Ancient Agora of Athens
The Ancient Agora of Athens was founded in the middle of the 6th century B.C. northwest of the Acropolis, and bounded on the south by the hill of the Areopagus and on the west by the hill known as the Agoraios Kolonos. The Agora's initial use was for a commercial, assembly, or residential gathering place.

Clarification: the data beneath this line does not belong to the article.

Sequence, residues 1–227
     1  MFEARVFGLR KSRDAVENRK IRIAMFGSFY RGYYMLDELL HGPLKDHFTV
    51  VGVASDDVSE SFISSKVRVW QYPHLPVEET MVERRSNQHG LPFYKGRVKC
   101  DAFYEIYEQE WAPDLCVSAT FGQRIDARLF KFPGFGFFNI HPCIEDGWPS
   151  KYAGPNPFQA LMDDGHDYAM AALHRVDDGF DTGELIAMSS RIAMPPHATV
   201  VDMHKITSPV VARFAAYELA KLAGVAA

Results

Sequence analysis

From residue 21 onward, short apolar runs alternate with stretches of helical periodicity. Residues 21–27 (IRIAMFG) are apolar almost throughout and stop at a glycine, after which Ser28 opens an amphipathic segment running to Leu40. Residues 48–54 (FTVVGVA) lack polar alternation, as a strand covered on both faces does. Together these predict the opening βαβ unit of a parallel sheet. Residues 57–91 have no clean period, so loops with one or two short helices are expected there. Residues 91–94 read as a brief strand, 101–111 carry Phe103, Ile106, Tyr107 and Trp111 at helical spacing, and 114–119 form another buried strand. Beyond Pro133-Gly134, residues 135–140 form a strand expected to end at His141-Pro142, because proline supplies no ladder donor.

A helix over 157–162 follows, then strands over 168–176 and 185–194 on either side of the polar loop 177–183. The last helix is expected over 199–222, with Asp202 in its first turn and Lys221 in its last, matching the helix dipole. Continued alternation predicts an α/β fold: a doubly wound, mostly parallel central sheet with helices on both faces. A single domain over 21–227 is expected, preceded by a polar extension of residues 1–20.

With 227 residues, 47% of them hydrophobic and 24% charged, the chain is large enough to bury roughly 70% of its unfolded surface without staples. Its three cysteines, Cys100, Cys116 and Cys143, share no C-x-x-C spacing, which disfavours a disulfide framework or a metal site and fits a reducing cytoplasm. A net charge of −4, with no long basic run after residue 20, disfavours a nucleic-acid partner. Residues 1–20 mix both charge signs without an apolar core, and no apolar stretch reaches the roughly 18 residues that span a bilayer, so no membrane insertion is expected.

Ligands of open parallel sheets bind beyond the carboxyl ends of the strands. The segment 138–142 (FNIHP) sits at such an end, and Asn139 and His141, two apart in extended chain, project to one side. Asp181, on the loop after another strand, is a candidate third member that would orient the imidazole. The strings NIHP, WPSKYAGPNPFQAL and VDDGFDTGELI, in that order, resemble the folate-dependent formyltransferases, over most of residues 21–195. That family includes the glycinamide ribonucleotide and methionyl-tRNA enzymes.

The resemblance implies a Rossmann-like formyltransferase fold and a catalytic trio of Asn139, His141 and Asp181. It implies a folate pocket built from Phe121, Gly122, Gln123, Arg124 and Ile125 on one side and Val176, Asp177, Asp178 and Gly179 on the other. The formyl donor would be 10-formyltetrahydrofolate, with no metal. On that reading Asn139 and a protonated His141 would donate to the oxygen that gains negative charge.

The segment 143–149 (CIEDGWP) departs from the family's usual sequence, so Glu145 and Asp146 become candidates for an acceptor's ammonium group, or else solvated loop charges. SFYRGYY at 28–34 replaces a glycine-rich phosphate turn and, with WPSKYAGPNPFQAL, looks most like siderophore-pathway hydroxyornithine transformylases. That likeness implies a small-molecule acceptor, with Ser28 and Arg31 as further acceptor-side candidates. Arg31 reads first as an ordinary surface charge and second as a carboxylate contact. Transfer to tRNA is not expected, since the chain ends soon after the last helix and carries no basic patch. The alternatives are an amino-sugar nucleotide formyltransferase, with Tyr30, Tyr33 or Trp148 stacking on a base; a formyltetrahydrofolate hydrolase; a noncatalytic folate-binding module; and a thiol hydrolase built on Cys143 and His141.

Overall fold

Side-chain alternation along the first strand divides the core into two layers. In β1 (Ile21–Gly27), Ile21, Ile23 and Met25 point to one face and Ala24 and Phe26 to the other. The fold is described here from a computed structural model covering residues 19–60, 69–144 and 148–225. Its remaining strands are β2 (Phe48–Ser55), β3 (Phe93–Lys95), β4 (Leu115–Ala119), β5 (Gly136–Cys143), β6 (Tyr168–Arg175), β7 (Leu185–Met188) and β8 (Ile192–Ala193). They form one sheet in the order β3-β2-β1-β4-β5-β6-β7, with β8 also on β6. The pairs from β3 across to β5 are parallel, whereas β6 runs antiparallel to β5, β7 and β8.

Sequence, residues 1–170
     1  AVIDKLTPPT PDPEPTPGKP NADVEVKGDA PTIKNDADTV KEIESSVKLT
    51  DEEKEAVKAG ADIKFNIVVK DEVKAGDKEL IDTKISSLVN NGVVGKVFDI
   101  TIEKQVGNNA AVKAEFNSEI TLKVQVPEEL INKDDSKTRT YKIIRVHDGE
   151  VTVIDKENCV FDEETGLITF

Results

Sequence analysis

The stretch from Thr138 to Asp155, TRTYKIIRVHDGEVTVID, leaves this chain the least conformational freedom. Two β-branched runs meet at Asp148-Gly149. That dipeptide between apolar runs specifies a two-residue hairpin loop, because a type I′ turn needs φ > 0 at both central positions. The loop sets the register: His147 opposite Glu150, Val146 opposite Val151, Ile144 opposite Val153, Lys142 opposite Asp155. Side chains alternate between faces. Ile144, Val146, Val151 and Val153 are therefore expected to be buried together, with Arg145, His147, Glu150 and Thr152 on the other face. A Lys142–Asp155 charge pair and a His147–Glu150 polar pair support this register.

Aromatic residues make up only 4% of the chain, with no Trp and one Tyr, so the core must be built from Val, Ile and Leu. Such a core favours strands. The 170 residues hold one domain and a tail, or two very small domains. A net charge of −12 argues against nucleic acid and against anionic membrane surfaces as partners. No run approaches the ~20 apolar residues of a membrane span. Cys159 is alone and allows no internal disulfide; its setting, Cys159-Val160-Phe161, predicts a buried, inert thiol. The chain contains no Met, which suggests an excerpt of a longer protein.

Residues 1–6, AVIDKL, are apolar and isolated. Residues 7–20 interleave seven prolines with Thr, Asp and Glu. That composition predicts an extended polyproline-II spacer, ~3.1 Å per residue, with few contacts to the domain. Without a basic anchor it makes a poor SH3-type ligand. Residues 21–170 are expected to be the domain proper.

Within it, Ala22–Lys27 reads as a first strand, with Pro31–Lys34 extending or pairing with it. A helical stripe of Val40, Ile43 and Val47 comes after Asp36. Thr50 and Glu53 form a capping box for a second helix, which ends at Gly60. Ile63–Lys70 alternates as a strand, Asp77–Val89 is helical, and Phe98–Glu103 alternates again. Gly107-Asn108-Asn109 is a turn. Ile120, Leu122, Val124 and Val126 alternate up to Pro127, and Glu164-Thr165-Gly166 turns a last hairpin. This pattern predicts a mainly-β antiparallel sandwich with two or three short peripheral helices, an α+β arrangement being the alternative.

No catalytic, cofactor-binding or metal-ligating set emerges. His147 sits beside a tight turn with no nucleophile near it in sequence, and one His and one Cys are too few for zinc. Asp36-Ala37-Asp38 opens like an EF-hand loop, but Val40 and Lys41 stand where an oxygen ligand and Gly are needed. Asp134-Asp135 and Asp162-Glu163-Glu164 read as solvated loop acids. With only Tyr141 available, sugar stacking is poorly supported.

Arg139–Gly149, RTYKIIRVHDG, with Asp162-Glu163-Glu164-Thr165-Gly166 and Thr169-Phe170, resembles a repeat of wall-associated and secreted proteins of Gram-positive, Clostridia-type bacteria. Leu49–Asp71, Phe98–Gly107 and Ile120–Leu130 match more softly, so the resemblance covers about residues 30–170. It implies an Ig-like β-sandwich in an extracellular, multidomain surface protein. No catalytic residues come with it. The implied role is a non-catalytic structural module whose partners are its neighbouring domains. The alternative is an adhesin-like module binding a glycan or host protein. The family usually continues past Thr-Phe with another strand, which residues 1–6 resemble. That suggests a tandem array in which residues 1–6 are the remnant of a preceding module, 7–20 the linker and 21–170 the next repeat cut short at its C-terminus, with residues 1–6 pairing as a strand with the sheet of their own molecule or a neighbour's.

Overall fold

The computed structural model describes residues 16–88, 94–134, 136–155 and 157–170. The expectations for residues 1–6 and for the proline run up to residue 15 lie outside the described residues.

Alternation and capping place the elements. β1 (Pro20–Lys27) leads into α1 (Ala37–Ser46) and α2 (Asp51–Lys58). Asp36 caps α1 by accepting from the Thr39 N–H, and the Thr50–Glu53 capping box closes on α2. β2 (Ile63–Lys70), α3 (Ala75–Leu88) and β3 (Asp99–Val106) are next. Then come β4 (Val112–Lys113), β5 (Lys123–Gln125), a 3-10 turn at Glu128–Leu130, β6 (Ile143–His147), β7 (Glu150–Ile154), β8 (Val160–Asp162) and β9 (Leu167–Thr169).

The Ancient Agora of Athens is a flat area defined by the Sacred Rock of the Acropolis and the hill of Areopagus in the south and the hill of Kolonos Agoraios in the west. It is traversed by one of the most important ancient roads, the Panathenaic Way, which led to the Acropolis from the main gate of the city, the Dipylon Gate. This road served as the processional way for the great parade of the Panathenaic festival, which was held to honour the city patron goddess Athena. Archaeological finds demonstrate the importance of this site for the various functions of the city. The Bouleuterion, the buildings with the public offices and the archives have all been excavated and studied. The use of the area as a commercial center indicated by the numerous shops where potters, shoemakers, coppersmiths and sculptors manufactured and sold their products.